Your investment portfolio is based on how much risk you can tolerate and readjusts when the market changes. Ultimately, the goal is to minimize the amount of taxes you’ll need to pay, so the overall investment approach is “buy-and-hold.”

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Portfolio Rebalancing and Tax Mitigation

Just like Betterment, Wealthfront offers free, automatic portfolio balancing and tax-loss harvesting to keep your finances on track.

Whether you are an experienced investor or just getting started, it’s helpful to know what you’re getting yourself into when your money is on the line. Wealthfront delivers a user-friendly experience with plenty of helpful financial planning tools.

College Savings Plans

Need to save money for a college-bound child? Wealthfront features a 529 college savings plan. It keeps your child’s college fund on track and adjusts automatically for inflation. When it’s time to choose a college, Wealthfront can even help you estimate how much financial aid you’ll receive from a certain school.

Portfolio Line of Credit

Once your investment account makes it to $25,000, you can qualify for a portfolio line of credit and borrow up to 30% of your account’s value. You don’t even need a credit check nor will your credit score be influenced at all.

Digital Financial Planning Software

Path is a tool Wealthfront users can leverage to manage their wealth and plan for their future needs. It’s offered for free so anyone can prepare their budgets for longer-term financial goals like a home purchase. The best part? You don’t even need to have an open Wealthfront account to use it.

Cash Account

If you prefer to put your money in savings, you can use the Wealthfront Cash Account for free. It offers 0.35% interest and carries up to $1 million in FDIC insurance. Money in your cash account isn’t charged any management fees, similar to Betterment’s savings plan offerings.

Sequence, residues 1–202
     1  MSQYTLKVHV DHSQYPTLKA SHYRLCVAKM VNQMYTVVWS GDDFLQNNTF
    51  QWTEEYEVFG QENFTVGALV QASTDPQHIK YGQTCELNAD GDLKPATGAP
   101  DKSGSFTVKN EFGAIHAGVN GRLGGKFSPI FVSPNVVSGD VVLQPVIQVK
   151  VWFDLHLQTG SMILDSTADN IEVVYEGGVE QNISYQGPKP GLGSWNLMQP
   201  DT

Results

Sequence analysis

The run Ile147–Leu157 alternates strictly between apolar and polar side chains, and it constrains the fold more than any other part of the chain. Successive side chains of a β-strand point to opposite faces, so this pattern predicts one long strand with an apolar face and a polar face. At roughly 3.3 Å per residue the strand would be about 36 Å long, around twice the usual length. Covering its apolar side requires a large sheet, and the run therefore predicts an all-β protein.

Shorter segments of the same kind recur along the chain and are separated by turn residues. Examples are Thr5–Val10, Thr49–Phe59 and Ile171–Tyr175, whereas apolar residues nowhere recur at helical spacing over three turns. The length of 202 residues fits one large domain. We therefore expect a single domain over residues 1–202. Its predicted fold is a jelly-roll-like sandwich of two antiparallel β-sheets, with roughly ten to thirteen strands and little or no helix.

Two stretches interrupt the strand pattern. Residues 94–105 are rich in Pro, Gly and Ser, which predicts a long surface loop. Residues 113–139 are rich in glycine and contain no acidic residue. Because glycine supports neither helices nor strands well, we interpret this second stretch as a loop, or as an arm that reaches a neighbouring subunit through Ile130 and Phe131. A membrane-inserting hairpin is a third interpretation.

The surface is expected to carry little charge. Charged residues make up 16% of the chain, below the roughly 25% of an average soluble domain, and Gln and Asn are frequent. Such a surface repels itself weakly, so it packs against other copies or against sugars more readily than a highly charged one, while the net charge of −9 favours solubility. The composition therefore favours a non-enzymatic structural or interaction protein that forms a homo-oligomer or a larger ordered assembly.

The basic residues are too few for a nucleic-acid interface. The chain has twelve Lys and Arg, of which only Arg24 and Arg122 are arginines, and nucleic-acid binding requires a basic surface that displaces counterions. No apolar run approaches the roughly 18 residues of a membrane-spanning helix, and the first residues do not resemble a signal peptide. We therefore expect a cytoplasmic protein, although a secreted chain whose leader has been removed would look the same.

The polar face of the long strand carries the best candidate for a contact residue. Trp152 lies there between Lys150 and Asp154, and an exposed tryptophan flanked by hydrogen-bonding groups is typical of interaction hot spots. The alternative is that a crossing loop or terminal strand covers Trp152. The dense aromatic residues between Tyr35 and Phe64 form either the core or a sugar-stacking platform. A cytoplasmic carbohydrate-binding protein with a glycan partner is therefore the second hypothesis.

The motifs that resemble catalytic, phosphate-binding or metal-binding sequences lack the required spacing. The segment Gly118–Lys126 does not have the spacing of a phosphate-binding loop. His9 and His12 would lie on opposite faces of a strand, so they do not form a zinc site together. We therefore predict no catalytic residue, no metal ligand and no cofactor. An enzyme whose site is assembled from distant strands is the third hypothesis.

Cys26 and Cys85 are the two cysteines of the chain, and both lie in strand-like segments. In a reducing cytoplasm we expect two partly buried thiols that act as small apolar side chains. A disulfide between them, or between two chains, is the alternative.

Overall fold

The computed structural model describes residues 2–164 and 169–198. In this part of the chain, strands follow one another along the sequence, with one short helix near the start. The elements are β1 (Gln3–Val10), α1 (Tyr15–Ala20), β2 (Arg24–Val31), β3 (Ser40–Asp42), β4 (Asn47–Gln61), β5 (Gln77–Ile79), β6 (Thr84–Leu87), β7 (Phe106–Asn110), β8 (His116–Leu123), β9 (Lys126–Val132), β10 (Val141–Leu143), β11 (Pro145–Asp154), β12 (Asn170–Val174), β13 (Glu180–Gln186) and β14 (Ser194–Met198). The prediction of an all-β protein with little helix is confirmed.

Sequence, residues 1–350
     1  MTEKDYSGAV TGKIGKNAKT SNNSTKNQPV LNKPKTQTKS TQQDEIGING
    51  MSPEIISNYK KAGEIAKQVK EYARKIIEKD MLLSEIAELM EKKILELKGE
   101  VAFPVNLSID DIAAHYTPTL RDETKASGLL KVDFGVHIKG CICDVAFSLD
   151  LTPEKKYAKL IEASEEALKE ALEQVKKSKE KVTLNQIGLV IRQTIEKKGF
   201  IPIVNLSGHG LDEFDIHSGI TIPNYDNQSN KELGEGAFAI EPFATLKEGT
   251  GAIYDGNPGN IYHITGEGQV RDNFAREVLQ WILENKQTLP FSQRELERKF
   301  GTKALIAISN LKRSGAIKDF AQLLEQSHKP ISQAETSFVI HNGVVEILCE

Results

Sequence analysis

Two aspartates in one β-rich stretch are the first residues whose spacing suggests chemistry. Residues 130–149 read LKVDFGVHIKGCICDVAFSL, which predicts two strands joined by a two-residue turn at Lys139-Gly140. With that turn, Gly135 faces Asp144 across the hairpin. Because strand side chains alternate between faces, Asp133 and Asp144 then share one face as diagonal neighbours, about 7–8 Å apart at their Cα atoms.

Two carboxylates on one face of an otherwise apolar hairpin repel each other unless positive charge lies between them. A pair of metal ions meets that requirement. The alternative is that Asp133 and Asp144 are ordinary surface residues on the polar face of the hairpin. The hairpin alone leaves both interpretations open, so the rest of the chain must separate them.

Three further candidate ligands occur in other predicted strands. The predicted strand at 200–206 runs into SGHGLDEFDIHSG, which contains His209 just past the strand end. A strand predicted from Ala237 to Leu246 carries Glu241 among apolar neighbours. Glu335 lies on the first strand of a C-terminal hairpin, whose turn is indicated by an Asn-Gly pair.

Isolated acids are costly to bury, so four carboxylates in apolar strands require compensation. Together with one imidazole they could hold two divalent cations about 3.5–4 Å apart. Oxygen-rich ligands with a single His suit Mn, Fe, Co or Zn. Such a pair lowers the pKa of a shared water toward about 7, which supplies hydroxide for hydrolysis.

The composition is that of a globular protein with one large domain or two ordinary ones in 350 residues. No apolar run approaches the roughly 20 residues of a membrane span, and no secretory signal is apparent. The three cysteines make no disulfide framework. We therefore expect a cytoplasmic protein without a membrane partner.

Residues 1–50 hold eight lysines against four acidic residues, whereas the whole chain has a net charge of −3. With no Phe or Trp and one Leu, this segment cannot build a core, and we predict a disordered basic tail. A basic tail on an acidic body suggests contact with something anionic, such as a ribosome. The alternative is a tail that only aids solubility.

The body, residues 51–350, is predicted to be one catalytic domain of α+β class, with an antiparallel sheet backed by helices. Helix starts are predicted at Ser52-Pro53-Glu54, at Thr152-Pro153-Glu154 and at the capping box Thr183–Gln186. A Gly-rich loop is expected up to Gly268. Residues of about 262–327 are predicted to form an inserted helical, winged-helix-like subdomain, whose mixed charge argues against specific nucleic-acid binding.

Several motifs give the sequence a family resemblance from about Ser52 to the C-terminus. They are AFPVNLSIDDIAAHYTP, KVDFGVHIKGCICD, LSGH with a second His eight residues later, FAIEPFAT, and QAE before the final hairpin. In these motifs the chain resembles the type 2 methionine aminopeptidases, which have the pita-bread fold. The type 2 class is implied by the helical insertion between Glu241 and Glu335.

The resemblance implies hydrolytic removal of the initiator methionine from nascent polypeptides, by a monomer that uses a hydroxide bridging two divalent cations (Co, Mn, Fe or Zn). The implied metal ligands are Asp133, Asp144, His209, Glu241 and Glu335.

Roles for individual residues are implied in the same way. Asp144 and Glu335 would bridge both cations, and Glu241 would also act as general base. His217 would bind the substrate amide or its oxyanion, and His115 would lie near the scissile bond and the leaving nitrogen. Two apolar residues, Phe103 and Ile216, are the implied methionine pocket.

Drawbacks of Wealthfront

Management Fees

Fees at Wealthfront are comparable to Betterment. You can expect the same annual advisory fee of 0.25%, which is a competitive rate for online financial platforms. For 529 plans, you can expect to pay 0.42% to 0.46% annually.

Minimum Account Balance

Unlike Betterment, you’ll need at least $500 to open a Wealthfront account. Although that might not be a large number, it’s still a barrier to entry for beginner investors who have less capital.

Minimal Human Interaction

If you prefer to talk to an actual person, Wealthfront doesn’t have many options to do so. There isn’t an advisor available to give you personalized financial advice and there isn’t an online chat feature. With that said, there is a phone line available between Mondays and Fridays you can use if you need an issue resolved.

Which Robo-Advisor Wins Out: Betterment vs. Wealthfront?

Ultimately, the robo-advisor choice for you depends on your preferences and financial goals. Both Wealthfront and Betterment are strong options in the robo-advisor market. If you prefer to get a financial plan for a specific goal, Betterment’s advice-based packages might offer the most bang for your buck. And if you prefer hassle-free, human-free investing or saving, Wealthfront lets you take a back seat while growing your money.

Betterment versus Wealthfront: Which Is The Better Robo Advisor? is a post from: I Will Teach You To Be Rich.